The Next Steps

What it will take to meet performance, power and price goals for 3D-IC and sub-20nm designs.


By Aveek Sarkar
Remaining competitive in today’s semiconductor market means IC designers must meet performance, power and price targets for their design, regardless of the end application.

Meeting these mutually conflicting goals requires enlisting the use of several architectural and design techniques, including three-dimensional (3D) or stacked-die architectures that can help meet performance and power targets by extending integration capabilities beyond traditional system-on-chip (SoC) methodologies. The evolution of low-power design techniques such as MTCMOS, voltage islands, and DVFS over the last 10 years, along with more recent trends toward using sub-1V supply voltage levels, helps address stringent power requirements. On-die voltage regulators (LDO) are now commonly used to minimize the impact of package/PCB noise when ICs operate at reduced voltage levels, allowing designers to maintain the necessary supply voltage to meet performance goals. Successfully reducing power, increasing signal bandwidth and managing cost, requires simultaneous optimization across the chip, package, and board. For chips migrating to 28/20 nanometer (nm) process nodes and considering using stacked-die technologies, the ability to model and accurately predict the power/ground noise and its impact on ICs is essential for successful advanced low-power designs and associated systems.

Reduced supply voltages in the sub-1V range are now typically used to reduce an IC’s power consumption and to meet reliability requirements. However, the current trends in high-performance SoC designs with increased functionality (more logic per square micron area), higher operating speeds (3GHz+), and cost focus (less expensive package/PCB) lead to higher levels of noise. The combination of reduced supply voltage levels and higher levels of noise can significantly degrade the performance of the transistors or cells in these ICs. This is especially true for cells in timing critical paths or clock tree networks. Accurate modeling of the power/ground noise is therefore key to predicting both the final operating voltage and operating speeds of the device and accompanying system.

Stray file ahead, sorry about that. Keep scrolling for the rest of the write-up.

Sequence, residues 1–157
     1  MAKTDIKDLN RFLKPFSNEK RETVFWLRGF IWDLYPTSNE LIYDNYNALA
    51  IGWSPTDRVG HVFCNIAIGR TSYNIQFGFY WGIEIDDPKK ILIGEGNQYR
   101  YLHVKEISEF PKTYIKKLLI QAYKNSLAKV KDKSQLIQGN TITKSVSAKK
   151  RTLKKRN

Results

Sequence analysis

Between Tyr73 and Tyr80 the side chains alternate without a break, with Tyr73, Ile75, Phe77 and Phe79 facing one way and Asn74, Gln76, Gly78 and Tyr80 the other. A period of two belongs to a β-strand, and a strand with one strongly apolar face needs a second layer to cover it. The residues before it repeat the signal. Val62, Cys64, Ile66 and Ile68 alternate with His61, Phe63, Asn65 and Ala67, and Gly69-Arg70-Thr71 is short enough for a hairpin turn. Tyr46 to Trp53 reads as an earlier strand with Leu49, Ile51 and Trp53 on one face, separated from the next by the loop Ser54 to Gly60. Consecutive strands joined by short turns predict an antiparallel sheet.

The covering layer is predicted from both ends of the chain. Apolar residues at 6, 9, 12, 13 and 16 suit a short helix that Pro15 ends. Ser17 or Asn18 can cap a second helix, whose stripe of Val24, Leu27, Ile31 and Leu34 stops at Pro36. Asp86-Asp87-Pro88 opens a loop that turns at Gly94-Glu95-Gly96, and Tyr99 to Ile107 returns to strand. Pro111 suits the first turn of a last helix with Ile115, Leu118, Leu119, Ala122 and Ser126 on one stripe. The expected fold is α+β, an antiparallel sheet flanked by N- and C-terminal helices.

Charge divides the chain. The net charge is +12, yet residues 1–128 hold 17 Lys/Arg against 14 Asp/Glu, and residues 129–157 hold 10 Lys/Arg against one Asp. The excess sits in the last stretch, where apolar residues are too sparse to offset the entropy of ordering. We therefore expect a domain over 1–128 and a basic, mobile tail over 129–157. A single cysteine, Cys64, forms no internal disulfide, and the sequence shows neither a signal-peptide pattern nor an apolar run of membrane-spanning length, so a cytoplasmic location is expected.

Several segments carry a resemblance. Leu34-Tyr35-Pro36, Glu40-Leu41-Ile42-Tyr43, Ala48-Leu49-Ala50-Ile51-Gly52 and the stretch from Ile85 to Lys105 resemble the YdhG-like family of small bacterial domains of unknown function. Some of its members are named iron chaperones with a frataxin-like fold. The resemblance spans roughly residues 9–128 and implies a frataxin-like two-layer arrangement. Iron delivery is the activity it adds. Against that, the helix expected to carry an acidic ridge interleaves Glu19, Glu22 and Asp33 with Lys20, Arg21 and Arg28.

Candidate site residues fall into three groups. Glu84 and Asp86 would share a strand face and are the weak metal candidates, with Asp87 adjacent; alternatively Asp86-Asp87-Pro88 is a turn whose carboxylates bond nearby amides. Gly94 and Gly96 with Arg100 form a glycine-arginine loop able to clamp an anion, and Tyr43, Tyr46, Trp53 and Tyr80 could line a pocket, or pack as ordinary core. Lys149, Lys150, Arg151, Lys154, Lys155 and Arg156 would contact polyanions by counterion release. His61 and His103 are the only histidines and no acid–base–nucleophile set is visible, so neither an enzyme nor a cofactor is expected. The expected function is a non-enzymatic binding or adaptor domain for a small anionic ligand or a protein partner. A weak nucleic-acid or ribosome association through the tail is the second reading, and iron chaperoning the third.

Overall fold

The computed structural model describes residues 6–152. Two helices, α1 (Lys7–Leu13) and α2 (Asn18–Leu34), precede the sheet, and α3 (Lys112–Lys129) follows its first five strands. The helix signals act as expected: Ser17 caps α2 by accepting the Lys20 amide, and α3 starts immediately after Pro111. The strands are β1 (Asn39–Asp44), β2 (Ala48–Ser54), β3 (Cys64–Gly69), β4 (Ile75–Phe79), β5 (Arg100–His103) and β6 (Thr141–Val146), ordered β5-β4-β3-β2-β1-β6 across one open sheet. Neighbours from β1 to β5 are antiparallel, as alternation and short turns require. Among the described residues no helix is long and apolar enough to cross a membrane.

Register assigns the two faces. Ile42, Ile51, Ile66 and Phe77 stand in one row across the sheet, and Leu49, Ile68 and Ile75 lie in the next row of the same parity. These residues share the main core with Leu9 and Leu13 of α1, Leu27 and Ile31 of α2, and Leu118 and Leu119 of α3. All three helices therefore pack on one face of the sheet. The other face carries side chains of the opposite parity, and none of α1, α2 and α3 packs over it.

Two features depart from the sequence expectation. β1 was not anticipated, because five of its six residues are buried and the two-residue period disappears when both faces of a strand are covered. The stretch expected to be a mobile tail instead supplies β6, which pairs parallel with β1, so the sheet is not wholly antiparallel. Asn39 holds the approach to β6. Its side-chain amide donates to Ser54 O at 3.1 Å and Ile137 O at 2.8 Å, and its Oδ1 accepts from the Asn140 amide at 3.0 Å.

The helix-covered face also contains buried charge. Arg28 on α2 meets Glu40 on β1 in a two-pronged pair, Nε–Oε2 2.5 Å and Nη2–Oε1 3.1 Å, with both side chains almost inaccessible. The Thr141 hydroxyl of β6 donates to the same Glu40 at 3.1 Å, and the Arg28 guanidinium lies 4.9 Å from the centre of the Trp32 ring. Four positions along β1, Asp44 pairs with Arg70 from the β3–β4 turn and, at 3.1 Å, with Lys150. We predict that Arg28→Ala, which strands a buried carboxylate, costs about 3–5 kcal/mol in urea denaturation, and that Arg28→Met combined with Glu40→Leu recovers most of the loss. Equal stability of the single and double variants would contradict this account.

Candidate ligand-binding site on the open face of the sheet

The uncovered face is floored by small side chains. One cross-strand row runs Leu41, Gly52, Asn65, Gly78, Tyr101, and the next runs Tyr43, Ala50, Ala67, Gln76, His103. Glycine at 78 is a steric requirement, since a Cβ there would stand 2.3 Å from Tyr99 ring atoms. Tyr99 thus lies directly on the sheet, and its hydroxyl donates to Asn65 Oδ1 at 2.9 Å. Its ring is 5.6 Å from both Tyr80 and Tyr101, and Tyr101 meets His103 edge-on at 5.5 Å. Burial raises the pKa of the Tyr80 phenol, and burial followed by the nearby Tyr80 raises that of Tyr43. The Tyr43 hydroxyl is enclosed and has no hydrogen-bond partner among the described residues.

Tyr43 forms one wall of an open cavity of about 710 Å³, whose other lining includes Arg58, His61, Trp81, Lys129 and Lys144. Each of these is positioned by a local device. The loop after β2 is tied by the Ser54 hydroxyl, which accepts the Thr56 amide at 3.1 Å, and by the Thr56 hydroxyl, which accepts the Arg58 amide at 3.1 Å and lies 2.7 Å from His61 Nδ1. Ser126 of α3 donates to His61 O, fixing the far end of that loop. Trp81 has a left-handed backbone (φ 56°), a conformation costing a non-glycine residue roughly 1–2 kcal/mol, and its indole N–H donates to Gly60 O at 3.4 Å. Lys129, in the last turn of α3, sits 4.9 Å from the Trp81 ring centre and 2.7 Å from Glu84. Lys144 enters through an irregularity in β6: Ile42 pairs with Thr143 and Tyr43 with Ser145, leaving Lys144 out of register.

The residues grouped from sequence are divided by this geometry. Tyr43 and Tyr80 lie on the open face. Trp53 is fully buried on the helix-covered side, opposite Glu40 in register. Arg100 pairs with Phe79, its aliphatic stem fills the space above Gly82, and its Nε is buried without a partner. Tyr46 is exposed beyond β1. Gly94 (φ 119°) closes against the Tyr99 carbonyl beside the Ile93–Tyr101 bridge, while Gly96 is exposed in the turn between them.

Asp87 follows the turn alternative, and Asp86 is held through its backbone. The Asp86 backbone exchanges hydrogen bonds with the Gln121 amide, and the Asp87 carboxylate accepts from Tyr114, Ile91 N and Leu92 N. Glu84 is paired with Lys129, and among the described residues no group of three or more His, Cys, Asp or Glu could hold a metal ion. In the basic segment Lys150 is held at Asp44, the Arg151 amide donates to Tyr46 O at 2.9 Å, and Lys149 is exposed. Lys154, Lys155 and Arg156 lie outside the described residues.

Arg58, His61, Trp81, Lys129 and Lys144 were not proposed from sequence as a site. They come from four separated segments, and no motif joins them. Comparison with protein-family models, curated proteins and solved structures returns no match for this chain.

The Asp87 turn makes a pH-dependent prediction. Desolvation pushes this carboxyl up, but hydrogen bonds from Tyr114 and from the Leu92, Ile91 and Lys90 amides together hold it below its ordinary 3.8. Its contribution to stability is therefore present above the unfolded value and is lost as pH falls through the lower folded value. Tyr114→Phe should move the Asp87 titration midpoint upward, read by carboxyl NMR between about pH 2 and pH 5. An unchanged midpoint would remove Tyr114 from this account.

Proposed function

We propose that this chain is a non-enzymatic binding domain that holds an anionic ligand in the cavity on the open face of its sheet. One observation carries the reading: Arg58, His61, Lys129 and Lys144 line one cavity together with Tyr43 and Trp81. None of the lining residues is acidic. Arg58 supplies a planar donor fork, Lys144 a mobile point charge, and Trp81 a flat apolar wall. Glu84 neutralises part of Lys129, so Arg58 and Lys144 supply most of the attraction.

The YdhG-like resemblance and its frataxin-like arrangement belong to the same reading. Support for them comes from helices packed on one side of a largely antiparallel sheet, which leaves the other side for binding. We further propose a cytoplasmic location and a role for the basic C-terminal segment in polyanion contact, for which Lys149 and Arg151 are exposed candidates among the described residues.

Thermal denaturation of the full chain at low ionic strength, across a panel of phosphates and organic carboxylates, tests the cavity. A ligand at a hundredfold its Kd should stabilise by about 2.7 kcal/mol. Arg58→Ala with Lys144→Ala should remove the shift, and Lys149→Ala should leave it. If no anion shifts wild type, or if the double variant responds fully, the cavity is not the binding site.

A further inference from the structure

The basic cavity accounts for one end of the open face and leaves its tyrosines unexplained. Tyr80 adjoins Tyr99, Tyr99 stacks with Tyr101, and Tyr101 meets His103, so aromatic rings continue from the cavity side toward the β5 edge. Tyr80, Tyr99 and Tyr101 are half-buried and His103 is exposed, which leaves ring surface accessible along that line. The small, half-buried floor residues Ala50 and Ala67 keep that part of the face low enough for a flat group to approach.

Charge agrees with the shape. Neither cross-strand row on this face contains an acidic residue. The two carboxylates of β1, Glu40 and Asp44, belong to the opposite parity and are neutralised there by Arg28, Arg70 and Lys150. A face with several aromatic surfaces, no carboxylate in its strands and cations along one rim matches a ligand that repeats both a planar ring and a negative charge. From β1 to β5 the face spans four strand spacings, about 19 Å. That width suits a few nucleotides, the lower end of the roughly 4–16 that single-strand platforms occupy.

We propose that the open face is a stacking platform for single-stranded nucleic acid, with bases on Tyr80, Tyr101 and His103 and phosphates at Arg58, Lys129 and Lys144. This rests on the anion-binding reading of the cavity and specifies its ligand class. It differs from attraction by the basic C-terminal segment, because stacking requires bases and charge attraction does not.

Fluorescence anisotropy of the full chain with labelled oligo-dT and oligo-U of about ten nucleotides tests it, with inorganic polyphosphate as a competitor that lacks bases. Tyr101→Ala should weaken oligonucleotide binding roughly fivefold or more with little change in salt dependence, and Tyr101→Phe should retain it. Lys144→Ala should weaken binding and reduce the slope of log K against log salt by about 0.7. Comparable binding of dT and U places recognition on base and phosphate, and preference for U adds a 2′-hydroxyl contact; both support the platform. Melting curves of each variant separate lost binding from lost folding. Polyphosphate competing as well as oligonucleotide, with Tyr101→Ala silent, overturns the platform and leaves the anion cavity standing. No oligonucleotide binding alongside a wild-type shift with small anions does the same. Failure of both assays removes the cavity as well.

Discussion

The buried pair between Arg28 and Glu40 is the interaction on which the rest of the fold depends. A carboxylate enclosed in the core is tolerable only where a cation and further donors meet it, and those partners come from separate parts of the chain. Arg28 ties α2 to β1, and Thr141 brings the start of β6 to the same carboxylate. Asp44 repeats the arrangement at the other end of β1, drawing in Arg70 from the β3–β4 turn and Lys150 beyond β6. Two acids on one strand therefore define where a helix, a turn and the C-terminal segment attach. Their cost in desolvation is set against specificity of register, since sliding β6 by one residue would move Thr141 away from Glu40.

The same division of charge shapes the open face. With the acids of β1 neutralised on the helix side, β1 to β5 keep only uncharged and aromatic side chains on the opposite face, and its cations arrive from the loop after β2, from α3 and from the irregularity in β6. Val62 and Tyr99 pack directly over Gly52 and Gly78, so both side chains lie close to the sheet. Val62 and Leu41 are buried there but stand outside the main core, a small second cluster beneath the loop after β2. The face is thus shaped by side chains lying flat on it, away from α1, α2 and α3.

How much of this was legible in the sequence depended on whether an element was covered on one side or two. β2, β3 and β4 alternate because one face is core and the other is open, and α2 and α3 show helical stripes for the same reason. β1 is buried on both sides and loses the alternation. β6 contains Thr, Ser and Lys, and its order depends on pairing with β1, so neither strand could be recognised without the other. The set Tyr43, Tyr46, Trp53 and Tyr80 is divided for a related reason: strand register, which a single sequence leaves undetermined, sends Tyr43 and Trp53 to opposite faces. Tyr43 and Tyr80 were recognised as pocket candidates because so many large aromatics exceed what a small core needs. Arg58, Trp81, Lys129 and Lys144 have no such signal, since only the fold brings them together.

As designs migrate to more complex technology nodes (i.e., 20nm), and include even more functionality in the same piece of silicon, accuracy of the power noise simulation and the coverage it provides becomes important. Accurate modeling and simulation of the power/ground noise requires the following:

  1. Inclusion package and PCB parasitics (S-parameter or RLCK);
  2. Accurate extraction and modeling of on-chip PDN parasitics (inductance, resistance and capacitance);
  3. Determination of the chip’s various operating modes and transitions in a ‘dynamic manner’ (as compared to the ‘static mode’ in which all devices draw current during the simulation);
  4. Consideration of through silicon vias (TSVs), interposer, and micro-bumps relevant to 3D/2.5D design modeling and simulation;
  5. Ability to simulate all of the above in time-domain, considering the chip (with its switching logic), the LDO and the package/PCB parasitics (primarily inductance).

Power noise analysis is a full-chip problem. Unlike timing or cross-talk analysis, it cannot be partitioned because the noise or current flow in one part of a design may significantly affect another part of the design. This is due to shared power delivery network (PDN) routing on the chip or in the package. So full-chip capacity, along with package/PCB model inclusion, is essential for final simulation results accuracy. Having a hierarchical power grid parasitic extraction and modeling technology to help deliver full-chip capacity and performance benefits, without sacrificing sign-off accuracy is crucial.